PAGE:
Bambu Lab introduced Maker World alongside the release of the A1 Mini. Maker World is a file sharing website that incorporates cloud slicing capabilities, allowing you to send models directly from the website to the printer using a computer or mobile device. The slicing process is performed in the background, utilizing parameters uploaded by the designer or other users, based on your preference. Maker World also gathers information from your printer and AMS to verify the bed size and filament type.
Printing on the Bambu Lab A1 Mini
The Bambu Lab A1 Mini is capable of achieving a maximum speed of 500mm/s, although the default slicer speed typically ranges from 200 to 300mm/s. The printer incorporates advanced input shaping techniques, which effectively reduce vibrations and eliminate ringing artifacts, resulting in improved print quality.
The printer was delivered with several preloaded prints. If you intend to do a significant amount of AMS printing, it is highly recommended to purchase filament before bringing the machine home. We have a guide available with our recommended filaments for 3D printing, which you can find here.
I successfully printed a Benchy model in an astonishingly fast time of 19 minutes and 15 seconds using the Speed Boat Rules configuration, which includes 2 walls, 3 top and bottom layers, 10% grid infill, a layer height of 0.25mm, and a layer width of 0.5mm. Throughout most of the print, the layers appear smooth without any visible ringing or layer shifts. However, there is some slight imperfection in the overhangs and around the bow of the ship due to insufficient cooling. Considering that this print would typically take 46 minutes with default settings, the overall print quality is fantastic. We used ordinary gray Inland PLA filament for this print.3D Benchy
To show what the Bambu Lab A1 Mini can do when under normal conditions, I printed this Forest Wish Spirit using default settings of 200-300mm/s and a .2mm layer height, taking 9 hours and 20 minutes to print. I “painted” the colors myself in BambuSlicer. The print needed to be shrunk to 85% to fit on the build plate, but turned out beautifully smooth with no visible layer lines or ringing. There is a tint of green in the lower part of the crystals from not purging enough, but I rather like the effect. I printed it in CookieCad Witchcraft Shiny Iridescent (purple) and ProtoPasta Stardust Glitter for the crystals.The green and black accents are Polyalchemy silks, which are currently unavailable – but are being brought back to the market by Printed Solid very soon.Forest Wish Spirit by Layers in Green
For a PETG test, I printed the new Mini Joel – with fingers! – in the YouTubers’ favorite color, ProtoPasta High Five Blue. The print is clean and crisp and printed without any supports. This print took 1 hour and 16 minutes to print with a .2 layer high and 200-300 mm/s speed. A normal speed printer, like the Neptune 3 Pro, would take about 3 hours to print the same model.New Mini Joel by Wekster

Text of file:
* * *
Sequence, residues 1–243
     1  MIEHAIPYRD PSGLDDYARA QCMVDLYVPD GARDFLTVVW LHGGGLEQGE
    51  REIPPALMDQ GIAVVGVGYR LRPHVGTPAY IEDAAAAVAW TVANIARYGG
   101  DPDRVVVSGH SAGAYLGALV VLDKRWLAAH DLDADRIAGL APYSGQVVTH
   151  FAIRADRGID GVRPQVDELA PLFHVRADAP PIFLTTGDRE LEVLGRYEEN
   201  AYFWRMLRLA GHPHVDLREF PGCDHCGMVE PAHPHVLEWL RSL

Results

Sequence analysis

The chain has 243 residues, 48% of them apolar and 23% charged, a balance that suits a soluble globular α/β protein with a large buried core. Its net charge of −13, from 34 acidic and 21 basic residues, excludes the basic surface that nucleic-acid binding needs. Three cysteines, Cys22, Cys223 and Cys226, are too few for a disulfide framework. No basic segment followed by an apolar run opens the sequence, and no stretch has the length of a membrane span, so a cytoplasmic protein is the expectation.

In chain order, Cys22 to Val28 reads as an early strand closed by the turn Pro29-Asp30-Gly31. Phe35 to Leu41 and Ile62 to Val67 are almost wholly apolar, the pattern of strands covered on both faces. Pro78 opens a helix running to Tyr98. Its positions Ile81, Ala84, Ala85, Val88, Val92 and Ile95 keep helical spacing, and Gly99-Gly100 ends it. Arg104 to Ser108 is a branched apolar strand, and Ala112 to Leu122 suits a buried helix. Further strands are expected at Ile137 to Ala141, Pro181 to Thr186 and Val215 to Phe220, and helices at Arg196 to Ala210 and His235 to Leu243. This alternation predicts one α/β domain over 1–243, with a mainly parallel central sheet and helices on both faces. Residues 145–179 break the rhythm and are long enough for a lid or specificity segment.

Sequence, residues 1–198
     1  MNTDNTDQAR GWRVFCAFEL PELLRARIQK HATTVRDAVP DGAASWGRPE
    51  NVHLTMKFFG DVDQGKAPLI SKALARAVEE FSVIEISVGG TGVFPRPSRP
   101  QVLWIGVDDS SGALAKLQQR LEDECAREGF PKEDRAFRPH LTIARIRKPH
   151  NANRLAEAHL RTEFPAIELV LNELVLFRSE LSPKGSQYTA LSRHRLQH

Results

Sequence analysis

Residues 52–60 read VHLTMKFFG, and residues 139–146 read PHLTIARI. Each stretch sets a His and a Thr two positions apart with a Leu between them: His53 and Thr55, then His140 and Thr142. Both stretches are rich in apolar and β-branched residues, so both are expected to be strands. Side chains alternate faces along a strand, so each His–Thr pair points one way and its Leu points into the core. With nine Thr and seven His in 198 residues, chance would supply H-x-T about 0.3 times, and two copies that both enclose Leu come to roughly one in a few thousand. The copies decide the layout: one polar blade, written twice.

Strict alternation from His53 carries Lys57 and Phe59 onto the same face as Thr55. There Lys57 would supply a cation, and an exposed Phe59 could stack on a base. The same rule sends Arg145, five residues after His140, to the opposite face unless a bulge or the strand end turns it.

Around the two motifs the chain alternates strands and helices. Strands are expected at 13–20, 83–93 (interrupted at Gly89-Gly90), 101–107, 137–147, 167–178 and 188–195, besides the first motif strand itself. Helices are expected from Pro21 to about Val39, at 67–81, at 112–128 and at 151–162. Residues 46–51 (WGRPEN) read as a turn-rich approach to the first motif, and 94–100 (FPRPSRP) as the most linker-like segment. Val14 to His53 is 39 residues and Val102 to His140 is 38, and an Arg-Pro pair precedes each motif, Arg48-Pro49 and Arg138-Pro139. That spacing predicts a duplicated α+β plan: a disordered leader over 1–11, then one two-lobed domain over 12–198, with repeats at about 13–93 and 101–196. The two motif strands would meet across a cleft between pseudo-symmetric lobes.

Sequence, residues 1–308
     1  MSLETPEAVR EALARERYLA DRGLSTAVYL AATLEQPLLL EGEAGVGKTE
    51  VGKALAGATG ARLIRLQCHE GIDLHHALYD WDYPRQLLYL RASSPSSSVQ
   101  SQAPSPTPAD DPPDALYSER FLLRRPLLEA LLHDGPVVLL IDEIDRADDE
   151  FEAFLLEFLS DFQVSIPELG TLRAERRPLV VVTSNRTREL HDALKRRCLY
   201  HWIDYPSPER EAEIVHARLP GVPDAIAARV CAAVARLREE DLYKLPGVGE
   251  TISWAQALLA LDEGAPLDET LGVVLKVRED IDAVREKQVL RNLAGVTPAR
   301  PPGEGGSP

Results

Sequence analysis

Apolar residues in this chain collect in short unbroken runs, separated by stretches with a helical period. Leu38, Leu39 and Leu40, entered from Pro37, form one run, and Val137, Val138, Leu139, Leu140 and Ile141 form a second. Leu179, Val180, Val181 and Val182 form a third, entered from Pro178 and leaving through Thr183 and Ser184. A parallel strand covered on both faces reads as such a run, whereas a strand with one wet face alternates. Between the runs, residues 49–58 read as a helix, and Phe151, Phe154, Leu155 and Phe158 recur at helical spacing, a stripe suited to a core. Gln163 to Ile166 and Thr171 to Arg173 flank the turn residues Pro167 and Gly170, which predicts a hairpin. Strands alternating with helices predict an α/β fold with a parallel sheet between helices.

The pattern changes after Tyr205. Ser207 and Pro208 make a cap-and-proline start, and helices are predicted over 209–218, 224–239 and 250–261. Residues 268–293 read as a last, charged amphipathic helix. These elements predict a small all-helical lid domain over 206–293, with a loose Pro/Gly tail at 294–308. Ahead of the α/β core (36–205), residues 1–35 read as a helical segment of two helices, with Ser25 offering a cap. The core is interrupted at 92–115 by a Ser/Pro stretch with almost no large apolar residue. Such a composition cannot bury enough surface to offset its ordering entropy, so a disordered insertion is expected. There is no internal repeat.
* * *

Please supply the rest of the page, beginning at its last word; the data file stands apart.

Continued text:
For TPU testing, I printed this rubber duck from Thingiverse. I did have to crop off the rounded bottom a bit because the overhang was too much for TPU and I didn’t want to use supports. Once that was fixed, the A1 Mini handled TPU very well.
Just a reminder, the AMS (Automatic Material Station) is not capable of handling TPU (Thermoplastic Polyurethane), so the TPU filament spool was directly mounted on the single spool holder on the machine. There was some minor stringing and clumps of filament residue on the print, but they were easily wiped off without any issues. For this print, Bambu Slicer reduced the speed, resulting in a total printing time of 5 hours and 6 minutes, using a layer height of 0.2mm.Rubber Duck by Willie
The Bambu Lab A1 Mini is the fastest bed-slinger printer we have tested to date, and it performs at a speed comparable to Bambu's larger Core XY machines. While it may have a smaller build volume, it is significantly easier to operate compared to Bambu's larger machines. Although the AMS (Automatic Material Station) takes up slightly more space than desired, its user-friendly nature and simplified maintenance make it worthwhile to have it on the countertop.
Priced at $459 for the combo, this machine is a perfect fit for budget-conscious makers who are interested in experimenting with color printing. Additionally, the standalone A1 Mini is an excellent option for beginners seeking an affordable and compact machine that is ready to use straight out of the box.
If you're looking for a larger color printer that can handle a wider range of materials, I recommend checking out the fully enclosed Bambu Lab P1S, which is priced at $949 when bundled with an AMS. On the other hand, if your priority is speed and a larger build plate, you might be interested in the similarly priced Sovol SV07. The SV07 runs on vanilla Klipper firmware and is available for $339.